What is the right way to read Gary Mason’s extraordinary interview with Alison Redford, the former Alberta premier who has spent a year in “deep introspection” thinking about various things that were responsible for her downfall that are not Alison Redford? The audience for the article, I think, is not Albertans.
Redford is still defending the many trips she took on government planes with her daughter, for which there may be some justification, even if the auditor general didn’t think they were such a hot idea. There is, however, no discernible mention (in the record of a three-hour conversation) of her staff’s use of fraudulent block bookings of aircraft seats to make sure she could travel alone. Nor does she defend the occasions on which she used the now-sold-off government airplane fleet to travel for purely partisan fundraising purposes, later lying about this to the Legislature. Nor does she explain how the privilege of travelling with her daughter might extend, as it sometimes did, to her daughter’s school friends. They just didn’t get around to that stuff in their chat, I guess.
She was asked about the secret premier’s residence that the government attempted to build on an upper floor of the federal building in downtown Edmonton. Her answer is the most astonishing moment in a post-retirement discussion that would shock even Michael Ignatieff with its cluelessness:
“I became aware at some point of a discussion about making it more into living space, and I also know my staff told infrastructure to stop that and that was all I ever knew,” she said, contradicting reports that she personally ordered the penthouse. “There was one discussion when someone said to me: ‘You’re going to be the premier when this is done; what colour paint do you want on the walls?’ and stuff like that. That was it.”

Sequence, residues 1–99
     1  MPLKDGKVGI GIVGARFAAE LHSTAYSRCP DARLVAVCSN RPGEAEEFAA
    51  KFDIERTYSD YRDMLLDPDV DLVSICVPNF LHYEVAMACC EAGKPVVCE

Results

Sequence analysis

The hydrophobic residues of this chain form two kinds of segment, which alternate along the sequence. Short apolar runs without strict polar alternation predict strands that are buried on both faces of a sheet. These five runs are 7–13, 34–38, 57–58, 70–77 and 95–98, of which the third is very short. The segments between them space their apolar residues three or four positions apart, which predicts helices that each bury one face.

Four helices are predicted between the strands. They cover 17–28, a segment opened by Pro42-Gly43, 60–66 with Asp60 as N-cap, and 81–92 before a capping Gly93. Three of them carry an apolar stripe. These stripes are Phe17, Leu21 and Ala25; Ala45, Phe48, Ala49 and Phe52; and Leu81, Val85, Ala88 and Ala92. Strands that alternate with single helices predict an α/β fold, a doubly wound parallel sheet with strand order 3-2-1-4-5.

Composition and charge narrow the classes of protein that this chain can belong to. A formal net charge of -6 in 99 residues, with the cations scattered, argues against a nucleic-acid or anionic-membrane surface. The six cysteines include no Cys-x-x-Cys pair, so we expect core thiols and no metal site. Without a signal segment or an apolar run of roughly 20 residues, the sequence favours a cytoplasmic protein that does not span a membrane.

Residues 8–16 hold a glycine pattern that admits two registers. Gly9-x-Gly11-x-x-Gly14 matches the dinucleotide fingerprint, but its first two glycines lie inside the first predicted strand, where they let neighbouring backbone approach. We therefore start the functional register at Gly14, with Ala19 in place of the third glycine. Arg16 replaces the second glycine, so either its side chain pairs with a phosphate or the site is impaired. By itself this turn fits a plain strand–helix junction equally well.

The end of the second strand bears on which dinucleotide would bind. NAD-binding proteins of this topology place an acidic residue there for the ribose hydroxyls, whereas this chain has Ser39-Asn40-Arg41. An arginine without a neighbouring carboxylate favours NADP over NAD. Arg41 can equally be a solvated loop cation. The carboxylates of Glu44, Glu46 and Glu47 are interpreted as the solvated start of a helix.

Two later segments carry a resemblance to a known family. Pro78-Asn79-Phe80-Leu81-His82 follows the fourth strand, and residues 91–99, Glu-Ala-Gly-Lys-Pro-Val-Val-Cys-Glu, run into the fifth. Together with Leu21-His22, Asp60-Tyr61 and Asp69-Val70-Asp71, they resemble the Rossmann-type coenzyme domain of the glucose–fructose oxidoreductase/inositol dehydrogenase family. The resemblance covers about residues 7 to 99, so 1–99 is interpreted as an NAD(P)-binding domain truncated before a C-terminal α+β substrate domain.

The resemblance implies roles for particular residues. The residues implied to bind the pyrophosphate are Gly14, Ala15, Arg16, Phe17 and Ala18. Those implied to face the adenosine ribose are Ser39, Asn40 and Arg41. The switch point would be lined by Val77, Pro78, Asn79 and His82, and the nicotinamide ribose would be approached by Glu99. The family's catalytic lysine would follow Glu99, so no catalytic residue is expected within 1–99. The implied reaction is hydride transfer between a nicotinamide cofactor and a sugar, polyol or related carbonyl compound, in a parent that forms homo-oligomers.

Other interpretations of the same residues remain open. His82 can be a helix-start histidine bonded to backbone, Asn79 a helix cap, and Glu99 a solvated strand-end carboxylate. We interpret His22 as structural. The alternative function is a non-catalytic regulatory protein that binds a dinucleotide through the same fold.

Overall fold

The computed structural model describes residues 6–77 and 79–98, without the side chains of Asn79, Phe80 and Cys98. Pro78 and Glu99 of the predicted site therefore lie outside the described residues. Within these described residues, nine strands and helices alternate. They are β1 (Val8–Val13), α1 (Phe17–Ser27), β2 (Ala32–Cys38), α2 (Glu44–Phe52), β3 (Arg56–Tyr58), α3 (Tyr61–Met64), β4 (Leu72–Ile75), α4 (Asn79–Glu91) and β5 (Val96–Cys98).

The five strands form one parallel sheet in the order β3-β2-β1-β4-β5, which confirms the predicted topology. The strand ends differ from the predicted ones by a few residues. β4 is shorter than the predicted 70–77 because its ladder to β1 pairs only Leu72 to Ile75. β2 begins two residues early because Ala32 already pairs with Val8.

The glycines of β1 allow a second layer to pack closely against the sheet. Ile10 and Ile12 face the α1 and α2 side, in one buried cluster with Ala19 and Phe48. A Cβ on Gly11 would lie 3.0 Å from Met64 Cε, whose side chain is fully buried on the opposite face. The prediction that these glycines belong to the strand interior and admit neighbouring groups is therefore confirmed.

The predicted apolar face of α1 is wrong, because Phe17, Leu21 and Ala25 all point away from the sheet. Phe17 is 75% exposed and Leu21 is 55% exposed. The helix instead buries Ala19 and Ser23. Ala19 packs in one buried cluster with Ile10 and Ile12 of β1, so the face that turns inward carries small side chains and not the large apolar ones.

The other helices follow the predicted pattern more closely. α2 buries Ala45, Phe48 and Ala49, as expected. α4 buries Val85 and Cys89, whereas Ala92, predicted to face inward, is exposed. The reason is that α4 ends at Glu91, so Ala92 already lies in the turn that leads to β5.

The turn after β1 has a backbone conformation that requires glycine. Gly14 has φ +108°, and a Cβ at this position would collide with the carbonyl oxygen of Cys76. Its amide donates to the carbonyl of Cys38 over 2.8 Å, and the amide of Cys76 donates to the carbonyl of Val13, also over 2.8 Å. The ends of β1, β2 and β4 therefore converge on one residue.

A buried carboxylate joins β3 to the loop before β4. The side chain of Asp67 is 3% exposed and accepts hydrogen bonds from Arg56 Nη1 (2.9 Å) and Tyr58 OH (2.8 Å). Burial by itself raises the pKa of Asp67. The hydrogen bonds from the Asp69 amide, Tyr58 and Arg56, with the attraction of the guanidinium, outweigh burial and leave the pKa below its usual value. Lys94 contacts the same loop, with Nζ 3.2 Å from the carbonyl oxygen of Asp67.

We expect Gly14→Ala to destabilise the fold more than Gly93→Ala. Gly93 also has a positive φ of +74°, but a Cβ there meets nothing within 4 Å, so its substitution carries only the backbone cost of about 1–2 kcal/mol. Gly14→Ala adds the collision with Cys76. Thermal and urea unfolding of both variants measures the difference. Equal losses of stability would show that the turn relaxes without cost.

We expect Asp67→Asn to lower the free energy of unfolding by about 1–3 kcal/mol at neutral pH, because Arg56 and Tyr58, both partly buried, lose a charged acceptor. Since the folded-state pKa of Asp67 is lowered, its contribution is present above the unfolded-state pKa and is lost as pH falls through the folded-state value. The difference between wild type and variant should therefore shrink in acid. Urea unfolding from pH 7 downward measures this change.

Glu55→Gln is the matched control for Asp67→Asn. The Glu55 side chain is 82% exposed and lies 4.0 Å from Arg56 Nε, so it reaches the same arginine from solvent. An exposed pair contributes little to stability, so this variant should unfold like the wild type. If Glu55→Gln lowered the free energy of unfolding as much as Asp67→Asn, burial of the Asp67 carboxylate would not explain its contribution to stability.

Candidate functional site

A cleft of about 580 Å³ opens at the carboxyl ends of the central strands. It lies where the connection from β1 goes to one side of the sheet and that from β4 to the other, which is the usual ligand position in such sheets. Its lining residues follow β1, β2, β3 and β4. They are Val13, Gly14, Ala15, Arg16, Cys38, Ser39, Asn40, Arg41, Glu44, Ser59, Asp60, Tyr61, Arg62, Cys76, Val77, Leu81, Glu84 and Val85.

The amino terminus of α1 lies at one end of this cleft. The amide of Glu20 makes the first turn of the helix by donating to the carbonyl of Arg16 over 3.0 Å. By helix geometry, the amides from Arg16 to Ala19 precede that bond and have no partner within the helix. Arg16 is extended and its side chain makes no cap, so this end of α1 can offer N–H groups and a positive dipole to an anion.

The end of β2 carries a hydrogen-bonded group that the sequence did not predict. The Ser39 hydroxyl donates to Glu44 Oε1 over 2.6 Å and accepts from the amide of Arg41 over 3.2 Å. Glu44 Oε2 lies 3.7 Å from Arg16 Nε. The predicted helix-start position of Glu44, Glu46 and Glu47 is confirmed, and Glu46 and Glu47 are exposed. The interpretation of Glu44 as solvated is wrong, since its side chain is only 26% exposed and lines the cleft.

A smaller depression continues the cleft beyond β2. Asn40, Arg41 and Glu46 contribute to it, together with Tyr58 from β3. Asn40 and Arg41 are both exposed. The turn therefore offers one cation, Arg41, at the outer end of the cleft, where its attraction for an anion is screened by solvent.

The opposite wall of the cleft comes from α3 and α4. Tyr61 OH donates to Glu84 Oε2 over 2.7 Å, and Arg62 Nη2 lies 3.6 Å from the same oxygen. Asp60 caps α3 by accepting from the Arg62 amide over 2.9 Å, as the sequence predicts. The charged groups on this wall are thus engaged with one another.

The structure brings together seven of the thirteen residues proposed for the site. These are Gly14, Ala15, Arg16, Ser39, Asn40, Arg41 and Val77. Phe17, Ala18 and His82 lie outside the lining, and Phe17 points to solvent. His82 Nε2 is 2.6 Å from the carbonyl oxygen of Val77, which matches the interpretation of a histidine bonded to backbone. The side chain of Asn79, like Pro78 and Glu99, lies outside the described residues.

Albertans remember, from freedom-of-information filings on the “Sky Palace,” that Redford’s executive assistant asked the architects to make sure it included “sleeping and grooming quarters . . . for an adult and one teenager.” (Thanks for the reminder, though!) That seems a little more specific than “What colour paint do you want?” Indeed, the awkward customization of the secret premier’s residence by Redford’s people is one of the underappeciated objections to it, once you get past the whole “they tried to build a friggin’ secret premier’s residence and got shirty with the city of Edmonton when its staff brought up the topic of residential permits” thing.
The hint at the true purpose of this interview comes late in Gary Mason’s text, when he observes that, “There have not been any job offers or board invitations [for Redford], likely as a result of the way she exited from office.” Albertans just have too much detail about her behaviour memorized. This interview provides a convenient overview of her struggles, in which there is talk about double standards for women, nasty rumours about Redford’s personal life, and inherent difficulties she faced with an entrenched Conservative caucus that did not support her leadership bid.
It all seems very sympathetic and sad, if you don’t look too closely and you didn’t actually live through her tenure as premier of Alberta and you overlooked the way caucus colleagues fell suspiciously silent when she began to be accused of isolation, irascibility and irresponsibility. She can paper-clip the article right onto her resumé and hope that sub-Ivy universities and international NGOs don’t do too much follow-up Googling. Certainly, nobody in Alberta will object to her earning a living somewhere sufficiently far away.